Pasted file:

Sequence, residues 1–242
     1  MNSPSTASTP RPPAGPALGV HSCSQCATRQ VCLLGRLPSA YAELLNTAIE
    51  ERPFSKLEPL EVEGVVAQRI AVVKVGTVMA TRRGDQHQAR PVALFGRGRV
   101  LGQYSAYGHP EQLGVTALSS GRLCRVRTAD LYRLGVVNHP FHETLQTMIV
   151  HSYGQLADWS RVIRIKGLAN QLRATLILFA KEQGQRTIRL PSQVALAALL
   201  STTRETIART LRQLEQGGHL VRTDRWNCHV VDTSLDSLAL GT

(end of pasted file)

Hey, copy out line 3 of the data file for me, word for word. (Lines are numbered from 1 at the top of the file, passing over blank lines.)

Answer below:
    51  ERPFSKLEPL EVEGVVAQRI AVVKVGTVMA TRRGDQHQAR PVALFGRGRV